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Relationship of Venous Clinical Severity Score with Reflux and Leg Vein Diameters Based on Ultrasonography in Women Workers with Risk Factors

Patrianef Darwis, I Made Arya Winatha, Aria Kekalih

Introduction: In 2010, the American Venous Forum developed a Venous Clinical Severity Score (VCSS) scoring system to assess the severity of Chronic Venous Insufficiency (CVI), where this system was said to be more comprehensive than the CEAP system. However, VCSS validation was still lacking. The purpose of this study was to examine VCSS for reflux and leg vein diameter based on ultrasonography.

Method: This study was a cross-sectional diagnostic test on women workers with standing work positions of 114 people (228 limbs) in Jakarta. VCSS assessment and ultrasound examinations were carried out on all subjects. The relationship between VCSS with reflux and leg vein diameter was analyzed using an odds ratio with a 95% confidence interval.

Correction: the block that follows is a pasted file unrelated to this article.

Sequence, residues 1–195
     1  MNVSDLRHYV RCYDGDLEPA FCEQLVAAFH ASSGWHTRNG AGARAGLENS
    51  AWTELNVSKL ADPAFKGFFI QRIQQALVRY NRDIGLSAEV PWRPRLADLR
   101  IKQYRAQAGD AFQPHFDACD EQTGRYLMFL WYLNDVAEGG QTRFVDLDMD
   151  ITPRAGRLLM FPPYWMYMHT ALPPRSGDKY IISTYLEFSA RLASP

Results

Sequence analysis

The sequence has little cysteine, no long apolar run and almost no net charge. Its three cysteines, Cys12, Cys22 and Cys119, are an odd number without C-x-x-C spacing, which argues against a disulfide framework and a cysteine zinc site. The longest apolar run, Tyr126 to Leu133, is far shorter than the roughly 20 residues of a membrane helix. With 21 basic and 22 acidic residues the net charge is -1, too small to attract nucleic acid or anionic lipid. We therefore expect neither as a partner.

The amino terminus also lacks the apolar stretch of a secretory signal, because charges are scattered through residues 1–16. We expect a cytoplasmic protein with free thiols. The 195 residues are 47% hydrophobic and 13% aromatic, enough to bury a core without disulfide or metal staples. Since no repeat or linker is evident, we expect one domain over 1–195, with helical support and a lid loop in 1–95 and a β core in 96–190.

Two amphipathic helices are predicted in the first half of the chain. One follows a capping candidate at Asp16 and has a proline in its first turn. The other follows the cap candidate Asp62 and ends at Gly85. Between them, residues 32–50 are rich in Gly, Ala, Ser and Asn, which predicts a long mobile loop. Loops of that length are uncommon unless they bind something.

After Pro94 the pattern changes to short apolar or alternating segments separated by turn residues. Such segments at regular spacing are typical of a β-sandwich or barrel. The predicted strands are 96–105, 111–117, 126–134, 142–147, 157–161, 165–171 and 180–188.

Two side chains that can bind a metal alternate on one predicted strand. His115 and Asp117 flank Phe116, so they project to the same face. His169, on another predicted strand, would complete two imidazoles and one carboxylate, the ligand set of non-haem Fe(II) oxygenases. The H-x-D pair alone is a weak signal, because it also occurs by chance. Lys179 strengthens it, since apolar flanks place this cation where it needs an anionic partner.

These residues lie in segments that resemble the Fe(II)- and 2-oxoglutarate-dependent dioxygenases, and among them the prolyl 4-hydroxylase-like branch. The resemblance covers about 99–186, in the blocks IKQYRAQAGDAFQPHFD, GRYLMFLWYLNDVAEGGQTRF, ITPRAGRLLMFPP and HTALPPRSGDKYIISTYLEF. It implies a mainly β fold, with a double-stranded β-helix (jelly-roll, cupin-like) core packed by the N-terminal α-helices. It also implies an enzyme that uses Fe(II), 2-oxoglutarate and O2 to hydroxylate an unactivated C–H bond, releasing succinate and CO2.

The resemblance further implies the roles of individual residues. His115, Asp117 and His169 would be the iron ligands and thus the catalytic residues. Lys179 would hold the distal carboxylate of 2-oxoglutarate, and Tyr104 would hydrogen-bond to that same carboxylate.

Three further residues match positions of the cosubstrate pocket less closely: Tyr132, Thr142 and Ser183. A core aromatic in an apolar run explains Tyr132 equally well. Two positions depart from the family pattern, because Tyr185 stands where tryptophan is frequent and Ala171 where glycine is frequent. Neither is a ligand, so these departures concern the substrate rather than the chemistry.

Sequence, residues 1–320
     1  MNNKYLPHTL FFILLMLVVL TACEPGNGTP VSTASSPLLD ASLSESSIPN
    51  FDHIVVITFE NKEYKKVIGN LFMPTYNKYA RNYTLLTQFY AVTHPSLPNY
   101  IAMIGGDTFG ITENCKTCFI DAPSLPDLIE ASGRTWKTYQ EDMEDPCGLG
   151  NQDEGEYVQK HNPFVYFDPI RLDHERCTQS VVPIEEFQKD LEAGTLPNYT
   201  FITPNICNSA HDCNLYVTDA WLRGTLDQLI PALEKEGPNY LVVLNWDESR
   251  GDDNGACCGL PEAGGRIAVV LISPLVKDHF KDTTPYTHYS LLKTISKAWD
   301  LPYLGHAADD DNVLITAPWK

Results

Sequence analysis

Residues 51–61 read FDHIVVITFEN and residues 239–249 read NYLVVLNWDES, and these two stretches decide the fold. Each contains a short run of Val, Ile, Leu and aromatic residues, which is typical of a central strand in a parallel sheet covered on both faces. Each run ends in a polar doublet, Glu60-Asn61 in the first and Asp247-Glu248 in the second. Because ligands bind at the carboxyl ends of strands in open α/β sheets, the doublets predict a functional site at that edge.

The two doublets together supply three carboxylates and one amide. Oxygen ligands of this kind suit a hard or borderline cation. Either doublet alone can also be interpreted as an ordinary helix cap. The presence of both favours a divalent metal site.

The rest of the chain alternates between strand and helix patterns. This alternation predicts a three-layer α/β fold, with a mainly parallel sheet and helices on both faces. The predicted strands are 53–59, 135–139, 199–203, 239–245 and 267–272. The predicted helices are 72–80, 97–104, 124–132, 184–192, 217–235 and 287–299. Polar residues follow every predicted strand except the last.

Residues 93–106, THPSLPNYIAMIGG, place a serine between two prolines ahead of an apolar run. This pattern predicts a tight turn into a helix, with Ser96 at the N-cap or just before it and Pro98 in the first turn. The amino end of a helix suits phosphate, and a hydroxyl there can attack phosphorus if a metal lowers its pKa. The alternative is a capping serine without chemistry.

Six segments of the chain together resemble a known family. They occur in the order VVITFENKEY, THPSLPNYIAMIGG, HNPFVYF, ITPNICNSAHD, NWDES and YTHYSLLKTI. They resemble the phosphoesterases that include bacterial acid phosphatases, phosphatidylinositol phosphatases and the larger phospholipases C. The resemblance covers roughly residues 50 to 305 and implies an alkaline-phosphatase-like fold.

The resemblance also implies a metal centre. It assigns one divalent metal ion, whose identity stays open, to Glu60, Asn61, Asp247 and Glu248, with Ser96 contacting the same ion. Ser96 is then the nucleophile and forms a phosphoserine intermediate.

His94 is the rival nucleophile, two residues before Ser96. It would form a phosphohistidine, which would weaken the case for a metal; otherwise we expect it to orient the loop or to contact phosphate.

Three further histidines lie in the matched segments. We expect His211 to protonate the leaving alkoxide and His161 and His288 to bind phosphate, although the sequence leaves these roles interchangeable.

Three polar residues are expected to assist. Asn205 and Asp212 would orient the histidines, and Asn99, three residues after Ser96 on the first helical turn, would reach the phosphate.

Results: From 228 examined limbs, the VCSS score of 0-3 was 18.4%, and the score of ≥4 was 81.6%. Reflux was found in 21.9% of the limbs. There was a significant relationship between VCSS and reflux in leg veins. The diameter of the great saphenous vein was between 2.1-12.2 mm, the femoral vein was 7.1-17 mm, the popliteal vein as 3-11.4, and the small saphenous vein was 1.7-7mm. When VCSS was analyzed for association with venous diameter, a significant relationship was found. VCSS sensitivity compared with reflux based on USG was 78%, specificity was 98.31%, positive predictive value was 92.86%, and the negative predictive value was 93.86%.

Conclusion: From the results of this study, it was concluded that the VCSS score could be used as a method for assessing chronic venous insufficiency. Although VCSS is was to assess the severity of the chronic venous disease, VCSS can also be used for screening because it shows a good relationship with the reflux and venous diameter of the limbs based on ultrasound.

Keywords: VCSS, CVI, vein reflux, leg vein diameter